Most Americans consume anywhere from 30% to 80% of their recommended number of vegetables in a typical day. Only 6.4% of the population achieves their target for vegetable consumption in an average day. Only 8% of children, 7% of adult males, and 5% of adult females achieve their targeted goals.The picture is less favorable for fruit. Two out of 10 individuals don’t consume even 10% of their recommended amount; two thirds don’t even consume 50% of their target. Just 7.6% achieve their fruit target in a typical day. Of note, children are most likely to achieve their recommended amount of fruit: 12% do so compared with only 7% of adult females and 5% of adult males. Keep in mind, however, that the consumption targets are lower for younger children.
Enjoy a variety of vegetables yourself. The most important thing that parents, grandparents, and other caregivers can do for children’s eating is to model healthy habits. If you enjoy eating a wide variety of foods, including vegetables, children will see it as the normal thing to do. There’s no need to make a big deal about your enjoyment, just make vegetables a tasty part of every meal.
Grow a small (or large) vegetable garden. Savvy adults know that the taste of freshly picked vegetables can’t be beat. Kids love to pick and eat almost anything that they have ‘grown themselves.’ Deliciously fresh vegetables can come from a container on the porch, a backyard plot, or your local community garden. Bottom line: If they help you grow it, they will eat it.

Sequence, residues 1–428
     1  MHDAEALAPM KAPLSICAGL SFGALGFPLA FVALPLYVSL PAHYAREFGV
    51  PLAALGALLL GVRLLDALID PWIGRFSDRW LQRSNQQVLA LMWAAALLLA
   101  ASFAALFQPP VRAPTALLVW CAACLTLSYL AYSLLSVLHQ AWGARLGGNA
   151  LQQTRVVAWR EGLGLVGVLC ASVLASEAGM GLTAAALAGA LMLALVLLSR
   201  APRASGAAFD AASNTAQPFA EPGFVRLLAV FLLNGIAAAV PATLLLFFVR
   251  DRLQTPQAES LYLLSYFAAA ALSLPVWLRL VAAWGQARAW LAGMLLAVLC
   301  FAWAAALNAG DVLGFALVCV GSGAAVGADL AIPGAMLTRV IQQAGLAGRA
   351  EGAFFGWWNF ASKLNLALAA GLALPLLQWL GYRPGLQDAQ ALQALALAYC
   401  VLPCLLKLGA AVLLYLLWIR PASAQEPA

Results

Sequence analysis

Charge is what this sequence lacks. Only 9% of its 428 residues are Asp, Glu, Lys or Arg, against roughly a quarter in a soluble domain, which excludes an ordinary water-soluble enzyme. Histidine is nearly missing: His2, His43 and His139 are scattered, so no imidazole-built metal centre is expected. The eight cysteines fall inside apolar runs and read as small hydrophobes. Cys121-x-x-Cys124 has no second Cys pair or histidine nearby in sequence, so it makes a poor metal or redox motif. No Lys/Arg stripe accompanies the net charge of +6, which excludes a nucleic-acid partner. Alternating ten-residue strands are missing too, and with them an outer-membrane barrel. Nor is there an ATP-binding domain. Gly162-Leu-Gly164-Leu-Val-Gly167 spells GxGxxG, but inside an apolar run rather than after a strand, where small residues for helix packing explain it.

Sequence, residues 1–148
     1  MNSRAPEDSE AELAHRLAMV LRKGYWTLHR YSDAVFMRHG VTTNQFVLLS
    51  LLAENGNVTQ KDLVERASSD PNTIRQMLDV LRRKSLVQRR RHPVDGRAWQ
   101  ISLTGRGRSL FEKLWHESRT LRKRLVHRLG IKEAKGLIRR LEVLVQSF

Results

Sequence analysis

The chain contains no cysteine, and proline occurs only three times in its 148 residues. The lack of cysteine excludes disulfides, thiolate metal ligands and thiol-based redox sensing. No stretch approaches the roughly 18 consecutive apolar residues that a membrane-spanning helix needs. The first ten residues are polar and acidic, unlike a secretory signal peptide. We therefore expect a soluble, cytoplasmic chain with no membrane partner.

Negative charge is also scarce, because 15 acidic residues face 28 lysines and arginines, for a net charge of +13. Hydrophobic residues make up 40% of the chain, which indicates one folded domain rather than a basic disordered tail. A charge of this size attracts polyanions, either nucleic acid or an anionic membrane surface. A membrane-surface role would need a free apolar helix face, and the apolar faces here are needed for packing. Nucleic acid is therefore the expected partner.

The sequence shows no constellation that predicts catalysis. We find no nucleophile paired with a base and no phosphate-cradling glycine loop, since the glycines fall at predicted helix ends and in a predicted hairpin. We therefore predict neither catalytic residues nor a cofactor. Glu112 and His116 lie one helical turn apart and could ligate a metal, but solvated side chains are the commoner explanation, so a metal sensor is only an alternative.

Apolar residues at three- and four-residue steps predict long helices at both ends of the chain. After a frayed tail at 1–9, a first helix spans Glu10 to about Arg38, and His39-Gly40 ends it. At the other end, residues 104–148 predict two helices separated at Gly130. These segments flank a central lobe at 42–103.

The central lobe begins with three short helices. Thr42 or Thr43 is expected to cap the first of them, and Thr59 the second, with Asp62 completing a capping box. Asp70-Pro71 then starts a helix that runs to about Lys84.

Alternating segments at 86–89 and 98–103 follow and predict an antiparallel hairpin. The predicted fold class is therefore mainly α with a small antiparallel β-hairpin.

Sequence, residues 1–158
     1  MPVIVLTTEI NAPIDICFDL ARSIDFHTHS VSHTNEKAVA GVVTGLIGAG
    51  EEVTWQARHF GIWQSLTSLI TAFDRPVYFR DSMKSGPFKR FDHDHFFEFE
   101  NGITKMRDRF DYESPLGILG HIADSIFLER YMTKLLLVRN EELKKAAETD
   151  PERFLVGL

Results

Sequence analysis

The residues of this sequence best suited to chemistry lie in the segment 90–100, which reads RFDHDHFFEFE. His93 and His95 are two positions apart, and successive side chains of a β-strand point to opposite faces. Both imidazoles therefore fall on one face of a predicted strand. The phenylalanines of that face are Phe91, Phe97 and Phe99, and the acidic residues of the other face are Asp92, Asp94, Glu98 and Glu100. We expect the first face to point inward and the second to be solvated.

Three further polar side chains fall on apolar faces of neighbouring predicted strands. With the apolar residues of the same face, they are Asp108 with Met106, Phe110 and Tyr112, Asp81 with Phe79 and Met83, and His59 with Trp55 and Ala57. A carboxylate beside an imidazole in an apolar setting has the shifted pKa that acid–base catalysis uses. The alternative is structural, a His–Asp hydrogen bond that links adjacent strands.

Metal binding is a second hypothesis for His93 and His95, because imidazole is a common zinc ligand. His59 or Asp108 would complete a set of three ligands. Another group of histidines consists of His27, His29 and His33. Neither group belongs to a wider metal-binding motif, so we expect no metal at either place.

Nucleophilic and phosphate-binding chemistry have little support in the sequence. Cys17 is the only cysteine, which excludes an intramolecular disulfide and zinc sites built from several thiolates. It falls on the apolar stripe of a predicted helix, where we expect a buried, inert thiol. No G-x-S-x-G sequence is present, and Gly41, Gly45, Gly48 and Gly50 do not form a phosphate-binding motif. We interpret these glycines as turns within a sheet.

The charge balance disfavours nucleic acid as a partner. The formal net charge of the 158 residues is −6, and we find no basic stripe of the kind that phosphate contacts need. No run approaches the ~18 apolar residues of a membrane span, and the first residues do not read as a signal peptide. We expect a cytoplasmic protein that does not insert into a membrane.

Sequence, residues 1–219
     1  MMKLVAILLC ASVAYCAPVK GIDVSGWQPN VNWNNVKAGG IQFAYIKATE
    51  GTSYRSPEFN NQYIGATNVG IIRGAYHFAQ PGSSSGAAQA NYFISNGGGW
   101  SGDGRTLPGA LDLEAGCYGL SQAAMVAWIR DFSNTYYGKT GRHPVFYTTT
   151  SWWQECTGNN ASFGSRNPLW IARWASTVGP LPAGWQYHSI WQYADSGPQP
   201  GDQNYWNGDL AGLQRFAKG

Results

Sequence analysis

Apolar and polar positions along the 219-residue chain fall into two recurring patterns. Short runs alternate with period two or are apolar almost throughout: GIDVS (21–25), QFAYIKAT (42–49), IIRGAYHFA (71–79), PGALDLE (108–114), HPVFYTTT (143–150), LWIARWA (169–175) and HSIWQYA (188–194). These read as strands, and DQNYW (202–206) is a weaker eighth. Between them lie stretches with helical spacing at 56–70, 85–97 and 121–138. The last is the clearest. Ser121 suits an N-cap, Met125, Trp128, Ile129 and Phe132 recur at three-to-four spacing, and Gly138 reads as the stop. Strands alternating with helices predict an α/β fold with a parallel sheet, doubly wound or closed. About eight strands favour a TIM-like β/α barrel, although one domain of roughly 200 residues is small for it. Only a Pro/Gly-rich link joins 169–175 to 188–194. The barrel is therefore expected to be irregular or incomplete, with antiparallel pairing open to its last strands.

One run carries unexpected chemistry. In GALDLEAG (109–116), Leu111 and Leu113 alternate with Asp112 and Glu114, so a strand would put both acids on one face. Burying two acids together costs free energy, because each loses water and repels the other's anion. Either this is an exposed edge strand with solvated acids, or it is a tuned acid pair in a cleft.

Cut vegetables up for meals and snacks. Children usually prefer the taste and texture of raw vegetables over cooked ones. Make a small plate of bite-sized veggies (broccoli trees, baby carrots, celery sticks, cucumbers slices, sweet pepper pieces, or sugar snap pea pods) a standard offering at every meal. Add some low fat Ranch dip and kids will naturally get into a crunchy, healthy habit.
Serve bright, colorful vegetables. Everyone eats with their eyes first. When vegetables are bright and colorful, they are naturally more appealing to children and adults alike. Overcooked, mushy veggies are likely to turn everyone off. When cooking vegetables, keep them brightly colored (and crunchy in texture) by steaming or microwaving for just a few minutes.
Be adventurous with vegetables. When children see veggies as tasty and fun, they are much more likely to enjoy eating them. Buying new items, trying new recipes, and playing games are easy ways to make nutrition fun for children. Need ideas for making vegetables more adventurous in your kitchen? Visit www.foodchamps.org/ for recipes, games, coloring sheets, and more!